Artificial Intelligence in Cardiology: Applications, Benefits and Challenges

Panos Constantinides, David Fitzmaurice

Research output: Contribution to journalReview articlepeer-review


The introduction of such digital technologies as robotic implants, home monitoring devices, wearable sensors and mobile apps in healthcare have produced significant amounts of data, which need to be interpreted and operationalised by physicians and healthcare systems across disparate fields.1 Most often, such technologies are implemented at the patient level, with patients becoming their own producers and consumers of personal data, something which leads to them demanding more personalised care.2

This digital transformation has led to a move away from a ‘top-down’ data management strategy, “which entailed either manual entry of data with its inherent limitations of accuracy and completeness, followed by data analysis with relatively basic statistical tools… and often without definitive answers to the clinical questions posited”.3 We are now in an era of a ‘bottom-up’ data management strategy that involves real-time data extraction from various sources (including apps, wearables, hospital systems, etc.), transformation of that data into a uniform format, and loading of the data into an analytical system for final analysis.3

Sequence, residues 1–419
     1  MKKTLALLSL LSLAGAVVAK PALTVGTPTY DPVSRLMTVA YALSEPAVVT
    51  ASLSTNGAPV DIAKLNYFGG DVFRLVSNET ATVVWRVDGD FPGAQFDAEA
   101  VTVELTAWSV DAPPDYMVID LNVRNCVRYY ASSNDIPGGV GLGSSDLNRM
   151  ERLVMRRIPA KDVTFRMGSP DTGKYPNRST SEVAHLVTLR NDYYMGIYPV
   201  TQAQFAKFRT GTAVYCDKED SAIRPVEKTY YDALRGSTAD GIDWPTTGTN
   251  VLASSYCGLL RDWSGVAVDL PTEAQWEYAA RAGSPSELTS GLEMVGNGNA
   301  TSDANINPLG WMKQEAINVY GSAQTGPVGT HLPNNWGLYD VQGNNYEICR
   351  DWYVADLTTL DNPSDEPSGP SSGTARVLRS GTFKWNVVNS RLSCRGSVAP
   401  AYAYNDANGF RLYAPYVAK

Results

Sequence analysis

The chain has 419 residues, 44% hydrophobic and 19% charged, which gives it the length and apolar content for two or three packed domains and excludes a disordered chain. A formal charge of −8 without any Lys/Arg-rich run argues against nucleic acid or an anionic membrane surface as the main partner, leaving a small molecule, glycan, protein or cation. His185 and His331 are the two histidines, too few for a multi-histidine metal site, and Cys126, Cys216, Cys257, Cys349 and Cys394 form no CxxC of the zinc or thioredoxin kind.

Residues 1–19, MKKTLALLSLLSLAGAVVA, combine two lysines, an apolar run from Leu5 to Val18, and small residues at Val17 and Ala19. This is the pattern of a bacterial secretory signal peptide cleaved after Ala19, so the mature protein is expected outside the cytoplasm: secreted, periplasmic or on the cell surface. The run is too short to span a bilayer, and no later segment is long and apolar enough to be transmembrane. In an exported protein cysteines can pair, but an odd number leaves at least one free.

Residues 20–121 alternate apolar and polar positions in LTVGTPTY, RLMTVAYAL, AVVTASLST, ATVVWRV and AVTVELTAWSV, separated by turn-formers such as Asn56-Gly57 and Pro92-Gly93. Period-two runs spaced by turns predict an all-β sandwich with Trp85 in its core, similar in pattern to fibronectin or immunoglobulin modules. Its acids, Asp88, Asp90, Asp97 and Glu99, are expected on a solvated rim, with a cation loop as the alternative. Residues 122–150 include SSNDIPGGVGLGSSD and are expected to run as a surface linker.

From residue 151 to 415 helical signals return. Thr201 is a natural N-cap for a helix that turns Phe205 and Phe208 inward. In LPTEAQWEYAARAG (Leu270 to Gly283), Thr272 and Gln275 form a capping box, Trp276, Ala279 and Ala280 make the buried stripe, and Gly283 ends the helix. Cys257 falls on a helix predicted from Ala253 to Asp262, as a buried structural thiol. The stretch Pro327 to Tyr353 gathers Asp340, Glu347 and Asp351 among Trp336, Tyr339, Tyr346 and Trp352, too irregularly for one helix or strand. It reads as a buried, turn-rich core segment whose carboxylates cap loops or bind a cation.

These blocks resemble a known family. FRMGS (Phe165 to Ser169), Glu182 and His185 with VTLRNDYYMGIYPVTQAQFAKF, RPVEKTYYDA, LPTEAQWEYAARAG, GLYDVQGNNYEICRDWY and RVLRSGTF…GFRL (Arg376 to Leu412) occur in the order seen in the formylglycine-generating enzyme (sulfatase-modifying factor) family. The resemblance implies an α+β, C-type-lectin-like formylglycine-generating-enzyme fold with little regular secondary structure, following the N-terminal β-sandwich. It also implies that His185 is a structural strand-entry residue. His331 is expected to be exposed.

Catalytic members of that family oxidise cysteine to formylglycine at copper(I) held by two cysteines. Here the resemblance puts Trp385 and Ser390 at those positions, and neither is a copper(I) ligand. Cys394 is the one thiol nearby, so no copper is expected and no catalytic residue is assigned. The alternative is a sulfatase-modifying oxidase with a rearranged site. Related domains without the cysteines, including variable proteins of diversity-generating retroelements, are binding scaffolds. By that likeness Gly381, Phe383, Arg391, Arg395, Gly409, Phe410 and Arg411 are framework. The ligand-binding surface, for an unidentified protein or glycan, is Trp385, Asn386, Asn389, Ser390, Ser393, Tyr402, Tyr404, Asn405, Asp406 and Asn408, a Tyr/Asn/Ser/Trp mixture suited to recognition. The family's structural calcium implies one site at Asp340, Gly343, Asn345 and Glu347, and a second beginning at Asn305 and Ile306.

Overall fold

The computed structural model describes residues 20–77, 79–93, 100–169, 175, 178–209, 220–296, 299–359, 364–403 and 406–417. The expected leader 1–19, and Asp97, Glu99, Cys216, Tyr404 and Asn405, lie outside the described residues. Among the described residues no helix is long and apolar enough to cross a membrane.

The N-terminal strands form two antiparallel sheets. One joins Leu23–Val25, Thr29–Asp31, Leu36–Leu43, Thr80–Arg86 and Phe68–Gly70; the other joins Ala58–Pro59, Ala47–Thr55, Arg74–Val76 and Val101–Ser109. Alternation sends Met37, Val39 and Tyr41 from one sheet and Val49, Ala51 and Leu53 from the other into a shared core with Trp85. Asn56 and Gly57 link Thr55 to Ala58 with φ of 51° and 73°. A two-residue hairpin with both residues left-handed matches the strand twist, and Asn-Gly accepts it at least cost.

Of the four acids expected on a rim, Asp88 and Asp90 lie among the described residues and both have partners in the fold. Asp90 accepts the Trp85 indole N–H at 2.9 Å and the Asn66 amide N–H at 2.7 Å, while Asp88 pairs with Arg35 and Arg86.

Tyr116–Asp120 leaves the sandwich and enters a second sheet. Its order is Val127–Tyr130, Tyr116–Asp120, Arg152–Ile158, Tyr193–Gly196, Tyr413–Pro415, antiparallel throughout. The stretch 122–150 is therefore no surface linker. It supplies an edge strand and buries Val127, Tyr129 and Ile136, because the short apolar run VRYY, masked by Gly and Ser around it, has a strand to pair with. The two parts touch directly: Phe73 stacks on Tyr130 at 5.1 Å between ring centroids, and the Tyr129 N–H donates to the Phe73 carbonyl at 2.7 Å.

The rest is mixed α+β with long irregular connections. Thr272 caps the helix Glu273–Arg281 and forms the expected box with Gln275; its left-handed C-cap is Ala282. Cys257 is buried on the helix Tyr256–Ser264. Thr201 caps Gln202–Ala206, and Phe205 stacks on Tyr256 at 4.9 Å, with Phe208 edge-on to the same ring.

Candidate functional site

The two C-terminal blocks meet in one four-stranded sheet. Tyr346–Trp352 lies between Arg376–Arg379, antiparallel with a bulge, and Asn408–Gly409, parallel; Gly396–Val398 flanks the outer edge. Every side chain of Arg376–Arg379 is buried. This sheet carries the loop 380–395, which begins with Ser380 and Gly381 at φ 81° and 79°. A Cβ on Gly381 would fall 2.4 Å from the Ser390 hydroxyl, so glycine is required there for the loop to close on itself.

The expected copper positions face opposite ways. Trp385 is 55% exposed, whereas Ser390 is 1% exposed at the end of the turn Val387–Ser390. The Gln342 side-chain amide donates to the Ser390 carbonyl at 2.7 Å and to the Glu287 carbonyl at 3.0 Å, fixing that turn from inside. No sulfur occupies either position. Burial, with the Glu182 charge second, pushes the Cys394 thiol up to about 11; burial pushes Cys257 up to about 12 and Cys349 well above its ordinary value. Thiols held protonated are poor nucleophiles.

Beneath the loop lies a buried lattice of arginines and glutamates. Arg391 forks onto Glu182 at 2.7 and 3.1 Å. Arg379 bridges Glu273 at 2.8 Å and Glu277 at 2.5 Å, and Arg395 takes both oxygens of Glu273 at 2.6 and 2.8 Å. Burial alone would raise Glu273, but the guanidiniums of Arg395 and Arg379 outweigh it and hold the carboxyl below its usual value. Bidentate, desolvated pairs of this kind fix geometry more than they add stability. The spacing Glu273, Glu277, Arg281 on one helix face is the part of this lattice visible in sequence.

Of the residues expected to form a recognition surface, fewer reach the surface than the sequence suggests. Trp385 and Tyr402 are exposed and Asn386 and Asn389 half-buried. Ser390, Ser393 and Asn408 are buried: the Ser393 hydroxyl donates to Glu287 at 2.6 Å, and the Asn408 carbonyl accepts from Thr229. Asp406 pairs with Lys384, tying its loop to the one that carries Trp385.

Original languageEnglish
Pages (from-to)1-3
JournalBritish Journal of Cardiology
Issue number3
Publication statusPublished - 1 Aug 2018


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